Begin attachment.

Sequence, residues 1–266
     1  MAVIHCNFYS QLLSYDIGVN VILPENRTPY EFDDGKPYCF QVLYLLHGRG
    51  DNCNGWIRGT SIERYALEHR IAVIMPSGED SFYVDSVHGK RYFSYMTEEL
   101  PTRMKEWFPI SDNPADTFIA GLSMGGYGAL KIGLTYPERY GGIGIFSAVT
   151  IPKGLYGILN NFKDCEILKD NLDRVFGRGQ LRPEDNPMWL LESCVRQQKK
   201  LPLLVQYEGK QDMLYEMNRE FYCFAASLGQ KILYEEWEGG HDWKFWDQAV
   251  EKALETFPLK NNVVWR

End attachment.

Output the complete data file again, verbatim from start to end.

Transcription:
Sequence, residues 1–266
     1  MAVIHCNFYS QLLSYDIGVN VILPENRTPY EFDDGKPYCF QVLYLLHGRG
    51  DNCNGWIRGT SIERYALEHR IAVIMPSGED SFYVDSVHGK RYFSYMTEEL
   101  PTRMKEWFPI SDNPADTFIA GLSMGGYGAL KIGLTYPERY GGIGIFSAVT
   151  IPKGLYGILN NFKDCEILKD NLDRVFGRGQ LRPEDNPMWL LESCVRQQKK
   201  LPLLVQYEGK QDMLYEMNRE FYCFAASLGQ KILYEEWEGG HDWKFWDQAV
   251  EKALETFPLK NNVVWR